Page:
According to research, more than a quarter of retirees fear having to do their own dental work, including tooth extraction, due to a shortage of NHS dentists.
At all ages, four out of 10 they said they would consider DIY dentistry, with the highest support among young people.
And most of the public thinks they will have to pay for private dental care as appointments become harder to find, according to the poll, commissioned by the Liberal Democrats.
According to the British Dental Association, more than 47 million NHS dental appointments have been missed since the lockdown in England alone.
BDA President Eddie Crouch said: “Do-it-yourself dentistry has no place in a wealthy 21st century nation. Unfortunately, the decisions made at Westminster have left millions without options.
“Demoralized dentists leave of a broken and underfunded system. And when real change is needed, the government has done little more than rearrange deckchairs.
“Rishi Sunak has pledged to restore dentistry to the NHS. That slogan will ring hollow as long as desperate people find themselves reaching for a pair of pliers.”
The Lib Dem survey found that four in ten adults say they are likely to have to resort to DIY dentistry because there is a lack of dental appointments in the NHS.
Some 28 per cent of those over 65 said they are likely to turn to DIY dentistry due to a lack of NHS appointments, while 67 per cent say they would pay for private dental care, according to the study. from Savanta ComRes.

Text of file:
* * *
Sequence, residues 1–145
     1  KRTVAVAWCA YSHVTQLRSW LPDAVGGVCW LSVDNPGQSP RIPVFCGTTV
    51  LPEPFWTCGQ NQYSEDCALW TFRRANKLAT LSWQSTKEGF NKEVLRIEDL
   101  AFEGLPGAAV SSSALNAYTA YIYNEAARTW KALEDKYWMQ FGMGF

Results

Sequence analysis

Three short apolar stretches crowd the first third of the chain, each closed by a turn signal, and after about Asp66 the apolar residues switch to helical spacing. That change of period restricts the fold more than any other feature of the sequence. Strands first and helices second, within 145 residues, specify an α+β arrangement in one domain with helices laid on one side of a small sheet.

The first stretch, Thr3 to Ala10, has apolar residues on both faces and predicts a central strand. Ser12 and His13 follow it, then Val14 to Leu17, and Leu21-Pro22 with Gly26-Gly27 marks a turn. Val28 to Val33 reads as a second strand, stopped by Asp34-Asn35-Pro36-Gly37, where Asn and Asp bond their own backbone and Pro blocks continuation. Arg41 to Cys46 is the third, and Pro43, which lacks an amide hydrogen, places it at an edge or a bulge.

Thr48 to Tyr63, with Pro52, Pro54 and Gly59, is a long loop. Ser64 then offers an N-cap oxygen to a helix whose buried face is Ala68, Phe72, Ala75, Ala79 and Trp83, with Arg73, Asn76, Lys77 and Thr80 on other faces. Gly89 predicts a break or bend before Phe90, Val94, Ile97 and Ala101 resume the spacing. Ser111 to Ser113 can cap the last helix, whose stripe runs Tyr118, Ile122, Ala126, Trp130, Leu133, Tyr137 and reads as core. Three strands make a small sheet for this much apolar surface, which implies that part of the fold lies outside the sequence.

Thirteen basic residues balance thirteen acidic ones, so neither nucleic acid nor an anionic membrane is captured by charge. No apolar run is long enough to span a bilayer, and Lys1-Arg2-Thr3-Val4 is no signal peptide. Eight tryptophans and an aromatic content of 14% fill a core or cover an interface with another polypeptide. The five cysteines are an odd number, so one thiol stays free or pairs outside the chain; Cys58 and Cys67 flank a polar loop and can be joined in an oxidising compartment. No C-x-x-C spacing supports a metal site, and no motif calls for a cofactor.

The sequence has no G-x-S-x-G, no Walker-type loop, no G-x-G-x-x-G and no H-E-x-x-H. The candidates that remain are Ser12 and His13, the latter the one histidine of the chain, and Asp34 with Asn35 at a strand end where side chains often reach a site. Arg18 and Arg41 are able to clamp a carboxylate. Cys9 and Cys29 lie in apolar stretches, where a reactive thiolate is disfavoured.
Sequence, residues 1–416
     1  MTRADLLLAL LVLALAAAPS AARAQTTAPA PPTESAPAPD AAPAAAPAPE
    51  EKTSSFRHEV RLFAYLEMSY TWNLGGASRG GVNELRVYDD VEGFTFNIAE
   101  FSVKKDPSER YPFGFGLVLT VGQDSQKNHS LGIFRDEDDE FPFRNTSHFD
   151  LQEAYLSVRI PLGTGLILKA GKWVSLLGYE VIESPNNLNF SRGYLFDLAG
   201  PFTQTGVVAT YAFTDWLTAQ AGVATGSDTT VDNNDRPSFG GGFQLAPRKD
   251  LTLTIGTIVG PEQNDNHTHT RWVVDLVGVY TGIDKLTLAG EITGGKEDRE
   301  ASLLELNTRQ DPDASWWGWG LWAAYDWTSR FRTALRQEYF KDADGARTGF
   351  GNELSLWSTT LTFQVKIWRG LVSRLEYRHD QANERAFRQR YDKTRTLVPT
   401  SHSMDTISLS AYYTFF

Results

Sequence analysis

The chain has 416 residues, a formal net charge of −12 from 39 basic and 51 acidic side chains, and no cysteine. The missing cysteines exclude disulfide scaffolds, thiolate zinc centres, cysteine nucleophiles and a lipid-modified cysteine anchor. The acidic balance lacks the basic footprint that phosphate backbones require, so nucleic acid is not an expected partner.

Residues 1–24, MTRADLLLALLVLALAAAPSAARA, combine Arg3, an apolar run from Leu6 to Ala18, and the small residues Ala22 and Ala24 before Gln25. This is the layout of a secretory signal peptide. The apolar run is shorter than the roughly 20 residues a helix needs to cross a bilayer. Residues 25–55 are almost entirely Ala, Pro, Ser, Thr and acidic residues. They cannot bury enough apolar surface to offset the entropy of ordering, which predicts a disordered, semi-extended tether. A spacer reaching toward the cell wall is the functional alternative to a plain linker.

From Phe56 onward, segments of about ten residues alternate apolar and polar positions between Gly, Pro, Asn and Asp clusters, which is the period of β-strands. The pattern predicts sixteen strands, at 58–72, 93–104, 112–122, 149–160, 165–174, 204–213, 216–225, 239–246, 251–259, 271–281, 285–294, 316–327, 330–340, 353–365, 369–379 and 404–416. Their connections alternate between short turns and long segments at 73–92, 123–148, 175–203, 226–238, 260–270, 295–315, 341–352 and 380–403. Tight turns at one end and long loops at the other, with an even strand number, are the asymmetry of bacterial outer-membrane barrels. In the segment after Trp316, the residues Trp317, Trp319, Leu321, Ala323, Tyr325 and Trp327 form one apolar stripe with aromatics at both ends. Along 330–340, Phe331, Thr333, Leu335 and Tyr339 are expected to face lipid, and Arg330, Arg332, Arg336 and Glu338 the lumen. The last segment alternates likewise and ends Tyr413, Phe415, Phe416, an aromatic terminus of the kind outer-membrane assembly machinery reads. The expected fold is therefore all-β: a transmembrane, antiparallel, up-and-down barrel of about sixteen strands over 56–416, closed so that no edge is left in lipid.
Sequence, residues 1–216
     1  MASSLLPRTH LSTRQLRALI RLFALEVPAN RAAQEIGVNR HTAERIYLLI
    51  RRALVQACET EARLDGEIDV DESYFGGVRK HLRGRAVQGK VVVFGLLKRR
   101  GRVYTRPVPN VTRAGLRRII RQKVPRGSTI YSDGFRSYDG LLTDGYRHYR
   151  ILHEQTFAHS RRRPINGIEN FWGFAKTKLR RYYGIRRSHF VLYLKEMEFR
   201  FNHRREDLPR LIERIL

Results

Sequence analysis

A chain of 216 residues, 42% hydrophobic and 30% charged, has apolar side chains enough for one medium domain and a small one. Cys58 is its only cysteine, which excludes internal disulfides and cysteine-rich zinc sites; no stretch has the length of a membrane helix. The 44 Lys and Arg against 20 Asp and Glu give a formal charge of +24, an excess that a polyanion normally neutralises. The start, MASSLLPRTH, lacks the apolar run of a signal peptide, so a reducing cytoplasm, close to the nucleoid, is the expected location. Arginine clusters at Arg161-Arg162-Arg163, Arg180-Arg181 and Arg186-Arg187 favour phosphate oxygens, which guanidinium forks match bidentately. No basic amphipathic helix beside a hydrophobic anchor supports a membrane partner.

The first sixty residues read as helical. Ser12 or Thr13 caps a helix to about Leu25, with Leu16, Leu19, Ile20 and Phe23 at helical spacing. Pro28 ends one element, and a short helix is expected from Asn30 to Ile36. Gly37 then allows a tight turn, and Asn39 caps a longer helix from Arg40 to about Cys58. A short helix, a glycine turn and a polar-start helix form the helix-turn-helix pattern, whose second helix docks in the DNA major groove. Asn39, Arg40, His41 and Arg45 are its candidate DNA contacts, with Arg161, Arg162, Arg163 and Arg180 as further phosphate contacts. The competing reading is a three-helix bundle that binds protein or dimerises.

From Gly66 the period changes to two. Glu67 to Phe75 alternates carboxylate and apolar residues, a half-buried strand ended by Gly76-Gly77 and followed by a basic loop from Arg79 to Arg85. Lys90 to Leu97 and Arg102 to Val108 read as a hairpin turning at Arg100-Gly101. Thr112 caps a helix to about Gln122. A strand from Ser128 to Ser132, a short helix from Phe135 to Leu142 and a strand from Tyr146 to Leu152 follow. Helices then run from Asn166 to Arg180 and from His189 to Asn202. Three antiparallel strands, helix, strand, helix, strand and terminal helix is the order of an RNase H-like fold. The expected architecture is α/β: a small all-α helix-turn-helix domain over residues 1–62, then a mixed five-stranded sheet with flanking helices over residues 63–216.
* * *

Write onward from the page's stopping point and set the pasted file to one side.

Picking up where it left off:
Younger and middle-aged people are more likely to take matters into their own hands, with nearly half of those aged 18 to 34 and 46 per cent of those aged 35 to 54 saying it is They are likely to try to solve the problems themselves.
Half of parents with children under 18 would also be prepared to work themselves, compared to 37% of those without children.
About 70 percent fear that they will have to pay for private dental care.
Lack of resources
Daisy Cooper, LibDem’s health spokesperson, said: “This is a national scandal. It now appears that NHS dentistry is dying out in many parts of the country.
“Working people are paying their fair share to fund our precious NHS, but the government has failed to provide resources for local health services. Some of this money should go towards training more NHS dentists to ensure no one is left with a huge dental bill or resorts to do-it-yourself dentistry.”
The Commons health select committee has launched an inquiry into dentistry after a survey showed that 90 per cent of UK practices are not accepting new adult NHS patients.
A further £50m was invested in NHS dentistry in January to help tackle Covid delays.
A spokesman for the Department of Health and Social Care said: “We are determined to make sure that everyone seeking NHS dental care can receive it when they need it, and we recently implemented dental reforms to deliver this, with the GP Patient Survey showing more than 75 percent. percent of patients who tried to get a dental appointment in the last two years were successful.
“In addition to fairer pay for practices serving high-need patients, dentists are now required to make it clear which practices are accepting new patients and what services are available, as well as support the entire dental workforce to work in throughout its scope of practice, which will help improve patient access to dental care.
“More generally, the number of practicing dentists in the NHS increased by over 500 last year and we continue to work to improve access to dental care, backed by over £3bn a year.”